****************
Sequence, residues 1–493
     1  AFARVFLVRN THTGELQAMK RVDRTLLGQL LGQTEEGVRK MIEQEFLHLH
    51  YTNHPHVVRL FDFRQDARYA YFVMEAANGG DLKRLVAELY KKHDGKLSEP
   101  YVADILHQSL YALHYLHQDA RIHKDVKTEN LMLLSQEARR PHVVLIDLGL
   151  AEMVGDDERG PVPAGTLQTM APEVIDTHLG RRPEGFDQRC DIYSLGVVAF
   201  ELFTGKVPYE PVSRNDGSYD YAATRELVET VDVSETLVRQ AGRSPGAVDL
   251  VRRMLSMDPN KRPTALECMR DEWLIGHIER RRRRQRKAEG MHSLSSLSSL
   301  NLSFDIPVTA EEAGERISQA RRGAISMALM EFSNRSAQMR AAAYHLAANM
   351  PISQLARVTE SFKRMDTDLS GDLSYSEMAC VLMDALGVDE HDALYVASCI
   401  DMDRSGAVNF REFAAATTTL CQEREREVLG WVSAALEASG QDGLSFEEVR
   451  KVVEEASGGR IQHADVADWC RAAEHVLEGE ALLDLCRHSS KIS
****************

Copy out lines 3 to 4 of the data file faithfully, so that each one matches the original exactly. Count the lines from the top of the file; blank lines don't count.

    51  YTNHPHVVRL FDFRQDARYA YFVMEAANGG DLKRLVAELY KKHDGKLSEP
   101  YVADILHQSL YALHYLHQDA RIHKDVKTEN LMLLSQEARR PHVVLIDLGL